People generally get crazy if left for enough time isolated in confined groups.
One of the things I do over and over again is traveling with people. I did a lot of variations starting from a half-a-day in suburbs to half a year long hopping across the globe. Both friend and girlfriends. And we all were getting mad at each other :)
Some of the travels made me closer to these people, some of the travels tore our relationships apart. Now time has come to do this again, so you, my dear reader can reap the benefits of my experiences without all the tears of your travel buddy :)
TLDR: Give the link to this post to the friend you’re going to travel with to make it better for all of you :)
Be prepared :D
Hostels will loose their bookings. Metro will close right before you’re able to make the commute. Evernote and gmail will decline to display cached pages. Flights will be canceled and/or delayed. Cards will be rejected. Favorite things will be stolen and lost (people also can lose each other!).
Some of these happened to my friends and some of these happened to me. To survive all the problems of a travel, be like a space ship: duplicate all the things.
- Every document should both exist in written and electronic form
- Same applies for money, both small bills and electronic cards
- All of these stored separately
- The most important bits never leaving your body
Accept stuff which is bigger than you
Once you’ve prepared all the thing you was able / wanted to prepare for, there’s still hell of a lot of things which gonna happen.
If you feel like crying – do so. If you’re angry (or hungry, like I get all the time) – let somebody know while you still can do that in a calmed in controlled manner. Worst thing you can do is spending your energy to make appearance that everything is ok.
Breaking the rule usually leads to dumping 3 weeks worth of suppressed feelings onto your fellow traveler. Bad for everyone involved.
This also means that you should accept yourself as you are. If you don’t know where’s our train, or where are we – let the group know rather than try to play a cool captain (even if you lead this particular group).
We’re all in the same boat and nobody expects you to know everything.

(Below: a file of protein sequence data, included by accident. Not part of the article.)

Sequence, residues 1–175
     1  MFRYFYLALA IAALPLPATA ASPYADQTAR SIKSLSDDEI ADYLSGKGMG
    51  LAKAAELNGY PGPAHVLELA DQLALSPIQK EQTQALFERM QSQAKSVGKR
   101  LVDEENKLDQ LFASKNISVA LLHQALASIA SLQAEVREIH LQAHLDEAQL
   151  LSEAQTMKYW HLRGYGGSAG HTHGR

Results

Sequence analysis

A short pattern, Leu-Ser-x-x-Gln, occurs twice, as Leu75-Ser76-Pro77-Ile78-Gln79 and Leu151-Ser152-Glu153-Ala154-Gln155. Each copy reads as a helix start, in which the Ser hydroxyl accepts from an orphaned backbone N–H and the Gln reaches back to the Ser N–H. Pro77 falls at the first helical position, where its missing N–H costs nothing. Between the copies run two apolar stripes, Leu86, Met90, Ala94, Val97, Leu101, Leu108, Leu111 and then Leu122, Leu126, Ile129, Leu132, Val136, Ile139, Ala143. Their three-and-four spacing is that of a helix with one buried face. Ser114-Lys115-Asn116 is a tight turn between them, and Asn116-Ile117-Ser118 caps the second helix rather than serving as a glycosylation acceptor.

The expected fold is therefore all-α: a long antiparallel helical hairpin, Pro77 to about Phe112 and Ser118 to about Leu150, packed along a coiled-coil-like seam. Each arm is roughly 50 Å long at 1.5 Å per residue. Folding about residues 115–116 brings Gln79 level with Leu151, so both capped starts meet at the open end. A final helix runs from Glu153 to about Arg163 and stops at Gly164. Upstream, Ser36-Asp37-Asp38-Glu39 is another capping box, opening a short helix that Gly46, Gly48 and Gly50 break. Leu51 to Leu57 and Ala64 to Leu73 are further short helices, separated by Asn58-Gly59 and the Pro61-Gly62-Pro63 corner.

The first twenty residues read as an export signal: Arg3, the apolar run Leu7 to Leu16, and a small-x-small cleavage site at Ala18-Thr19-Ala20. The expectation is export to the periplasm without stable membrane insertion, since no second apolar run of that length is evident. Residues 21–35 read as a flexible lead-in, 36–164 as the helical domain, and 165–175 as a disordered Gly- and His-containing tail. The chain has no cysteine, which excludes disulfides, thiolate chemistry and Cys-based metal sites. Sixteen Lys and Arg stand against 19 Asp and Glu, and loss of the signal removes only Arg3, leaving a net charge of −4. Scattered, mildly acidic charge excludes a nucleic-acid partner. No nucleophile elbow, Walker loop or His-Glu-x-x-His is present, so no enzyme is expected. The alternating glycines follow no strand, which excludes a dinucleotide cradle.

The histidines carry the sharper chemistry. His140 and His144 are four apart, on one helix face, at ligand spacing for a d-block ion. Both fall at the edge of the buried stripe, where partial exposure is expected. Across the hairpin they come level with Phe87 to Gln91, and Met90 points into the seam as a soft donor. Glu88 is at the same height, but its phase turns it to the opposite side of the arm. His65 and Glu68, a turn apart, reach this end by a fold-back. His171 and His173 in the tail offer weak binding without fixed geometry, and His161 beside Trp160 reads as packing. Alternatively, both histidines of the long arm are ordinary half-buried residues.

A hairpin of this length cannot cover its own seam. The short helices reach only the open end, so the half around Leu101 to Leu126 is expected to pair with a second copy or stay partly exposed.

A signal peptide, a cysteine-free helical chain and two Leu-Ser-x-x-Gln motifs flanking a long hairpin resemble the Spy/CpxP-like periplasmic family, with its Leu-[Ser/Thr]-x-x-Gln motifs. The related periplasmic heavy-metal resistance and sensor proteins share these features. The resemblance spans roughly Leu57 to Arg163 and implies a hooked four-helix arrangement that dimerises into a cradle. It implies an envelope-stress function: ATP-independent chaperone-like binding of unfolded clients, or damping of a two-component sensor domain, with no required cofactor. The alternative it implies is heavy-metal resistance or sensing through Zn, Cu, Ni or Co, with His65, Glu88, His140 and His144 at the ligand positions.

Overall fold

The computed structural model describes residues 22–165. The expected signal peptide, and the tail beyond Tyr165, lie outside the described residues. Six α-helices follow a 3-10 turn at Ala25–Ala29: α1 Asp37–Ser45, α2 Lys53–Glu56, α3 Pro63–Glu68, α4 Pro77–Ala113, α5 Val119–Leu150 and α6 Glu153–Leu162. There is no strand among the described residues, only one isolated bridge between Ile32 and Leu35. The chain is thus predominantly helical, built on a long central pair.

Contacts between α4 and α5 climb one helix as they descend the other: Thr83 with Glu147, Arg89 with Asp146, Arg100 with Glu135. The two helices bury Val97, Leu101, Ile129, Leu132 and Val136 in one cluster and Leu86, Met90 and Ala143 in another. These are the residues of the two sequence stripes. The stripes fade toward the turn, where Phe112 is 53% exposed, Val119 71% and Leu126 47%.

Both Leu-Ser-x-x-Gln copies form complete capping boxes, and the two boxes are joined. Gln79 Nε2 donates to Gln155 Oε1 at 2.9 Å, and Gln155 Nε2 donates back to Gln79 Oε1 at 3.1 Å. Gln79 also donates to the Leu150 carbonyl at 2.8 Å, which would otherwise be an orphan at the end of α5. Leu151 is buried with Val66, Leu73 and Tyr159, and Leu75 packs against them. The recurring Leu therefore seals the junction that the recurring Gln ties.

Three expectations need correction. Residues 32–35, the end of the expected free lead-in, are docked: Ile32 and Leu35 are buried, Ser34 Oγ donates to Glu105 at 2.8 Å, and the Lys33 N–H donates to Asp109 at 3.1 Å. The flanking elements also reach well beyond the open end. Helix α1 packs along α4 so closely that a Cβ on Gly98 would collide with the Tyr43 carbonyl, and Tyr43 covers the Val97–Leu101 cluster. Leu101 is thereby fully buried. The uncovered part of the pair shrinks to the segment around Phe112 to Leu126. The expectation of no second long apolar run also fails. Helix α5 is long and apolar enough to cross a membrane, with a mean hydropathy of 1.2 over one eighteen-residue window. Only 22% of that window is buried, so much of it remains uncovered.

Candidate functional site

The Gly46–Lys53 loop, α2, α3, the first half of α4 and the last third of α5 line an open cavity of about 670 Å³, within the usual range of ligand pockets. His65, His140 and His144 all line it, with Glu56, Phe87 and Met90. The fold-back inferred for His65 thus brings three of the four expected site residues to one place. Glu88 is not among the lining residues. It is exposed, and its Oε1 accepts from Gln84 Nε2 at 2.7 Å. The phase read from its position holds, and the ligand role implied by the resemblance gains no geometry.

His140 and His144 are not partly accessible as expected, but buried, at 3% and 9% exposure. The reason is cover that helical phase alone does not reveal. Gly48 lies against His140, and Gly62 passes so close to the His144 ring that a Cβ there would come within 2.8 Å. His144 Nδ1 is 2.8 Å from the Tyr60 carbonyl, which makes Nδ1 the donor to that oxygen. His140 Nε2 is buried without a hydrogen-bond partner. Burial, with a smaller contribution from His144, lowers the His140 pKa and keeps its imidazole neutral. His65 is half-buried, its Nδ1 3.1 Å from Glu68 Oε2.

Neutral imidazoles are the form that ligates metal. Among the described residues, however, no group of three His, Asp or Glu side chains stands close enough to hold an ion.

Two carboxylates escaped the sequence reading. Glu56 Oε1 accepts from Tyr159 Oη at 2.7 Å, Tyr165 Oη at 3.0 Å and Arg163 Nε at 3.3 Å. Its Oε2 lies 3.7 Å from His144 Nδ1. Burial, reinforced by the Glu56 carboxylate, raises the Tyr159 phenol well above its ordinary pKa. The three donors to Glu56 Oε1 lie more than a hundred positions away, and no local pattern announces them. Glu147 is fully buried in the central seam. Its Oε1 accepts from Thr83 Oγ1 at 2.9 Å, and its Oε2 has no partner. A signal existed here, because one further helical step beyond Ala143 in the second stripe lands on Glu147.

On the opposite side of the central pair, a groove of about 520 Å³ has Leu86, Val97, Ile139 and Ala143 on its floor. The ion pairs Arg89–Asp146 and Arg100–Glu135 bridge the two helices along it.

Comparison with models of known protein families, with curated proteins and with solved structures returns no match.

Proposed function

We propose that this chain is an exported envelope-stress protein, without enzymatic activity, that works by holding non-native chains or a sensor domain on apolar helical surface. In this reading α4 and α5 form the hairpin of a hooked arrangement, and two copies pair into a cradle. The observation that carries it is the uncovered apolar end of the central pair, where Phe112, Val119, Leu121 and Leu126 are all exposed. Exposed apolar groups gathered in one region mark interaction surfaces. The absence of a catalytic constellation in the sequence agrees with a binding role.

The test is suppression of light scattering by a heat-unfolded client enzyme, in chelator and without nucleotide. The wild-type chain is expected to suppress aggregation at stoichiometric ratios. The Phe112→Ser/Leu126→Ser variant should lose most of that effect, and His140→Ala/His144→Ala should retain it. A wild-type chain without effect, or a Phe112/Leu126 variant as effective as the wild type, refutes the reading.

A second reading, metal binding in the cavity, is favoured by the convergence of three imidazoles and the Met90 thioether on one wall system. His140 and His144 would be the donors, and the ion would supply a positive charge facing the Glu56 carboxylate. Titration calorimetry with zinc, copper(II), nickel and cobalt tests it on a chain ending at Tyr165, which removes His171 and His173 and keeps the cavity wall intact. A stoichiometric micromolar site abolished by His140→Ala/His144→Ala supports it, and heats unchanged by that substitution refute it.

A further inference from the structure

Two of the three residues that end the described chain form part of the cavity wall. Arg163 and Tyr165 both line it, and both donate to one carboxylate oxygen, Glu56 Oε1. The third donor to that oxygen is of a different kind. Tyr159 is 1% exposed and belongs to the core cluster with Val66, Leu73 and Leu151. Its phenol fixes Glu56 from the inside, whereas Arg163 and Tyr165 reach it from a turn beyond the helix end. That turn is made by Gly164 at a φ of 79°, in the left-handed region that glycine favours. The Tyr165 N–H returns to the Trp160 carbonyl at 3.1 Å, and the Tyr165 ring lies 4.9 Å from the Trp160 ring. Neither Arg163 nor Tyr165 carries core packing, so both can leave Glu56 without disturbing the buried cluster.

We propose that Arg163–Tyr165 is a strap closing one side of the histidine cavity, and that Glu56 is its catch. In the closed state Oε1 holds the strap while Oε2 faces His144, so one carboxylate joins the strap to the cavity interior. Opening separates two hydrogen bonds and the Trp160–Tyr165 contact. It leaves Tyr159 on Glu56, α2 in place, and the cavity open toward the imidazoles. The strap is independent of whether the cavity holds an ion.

Keep the balance
While traveling you’ll be far from most of the resources which usually support your self confidence:
- Family, friends will be far away, similarly your image of a successful person :)
- Work. Doing that remotely is still something not everybody is granted with. Plus it can be trickier to maintain your performance while working off a shitty 3g internet somewhere in jungles, trust me. So if you imagine yourself a good colleague, be ready for that to be gone :)
- Work out routines will need to be re-established (I had times visiting up to 3 no-longer-existing gyms per day to find a one for myself)
- New foods and climates will affect your health depending on your luck (e.g. you can get 5-days dengue fever preventing you from sleep or mild indigestion)
In such conditions it is common to look for the support in people nearby. Continuous demands can easily strain your partners, so be careful (remember, they’re in around the same situation as you are).
That’s where the notion of emotional bank account comes into play. Whenever somebody does me good, I can feel like I’m up to doing more good for them, similarly whenever somebody asks (or demands) a lot of help from me often, I will be feeling like the amount of good I’m willing to do for them is reduced.
If that’s your first wild travel, be especially careful: habits which you form now will predate you (or support you) until the very end of your life. Another important thing is that most probably you’ll feel like you need a lot of assistance. It’s up to you to decide how much of a helplessness you will root in yourself.
So, once my usual self-confidence is gone, I feel like growing some new. The simplest way for me to do so is by learning how to get to home (tent, apartment, shack, …). In most places this can be achieved by buying a sim card with 3g data. On lightning in a bottle, though, I had to spend some time exploring the territory :D
Having that, it is much easier to support the balances: I don’t need a person attached to me to try the stuff I like (Darling, let’s go to a zoo [as I don’t know how to return from there]).
Next step is usually taking care of some shared stuff. Taking your friend(s) to a cafe both counts as a contribution to your emotional bank account as well a proves (to yourself) that you’re capable of more.
Next time you’re gonna travel with friends, just observe who’s the first one to take you somewhere and how do you feel about them.
Embrace your fears
After taking care of some basics, it’s usually time to challenge yourself a bit. Cool if you can do that in a controlled manner (e.g. when somebody more experienced is around). That’s not required, though.
Being introverted, my first fear is about talking to people. So I try to talk those who are already interested in conversations with me: sales people. Being a guy which loves to eat, I just approach any food truck / cafe and I’m done.
Pick something you both like and a bit uncomfortable to do and you’re good to go.
Sometimes, the thing can prove itself difficult (e.g. approaching a cute girl in the office). What worked cool for me in such cases is imagining what I will do next time (all the exact steps, phrases said, you can even write that somewhere just for kicks!). For some reason brain can be trained well even using such a hypothetical scenarios, so after a while, I prove myself capable of doing tricky things. So are you.
What are the tricks you use to make your social travels feel better?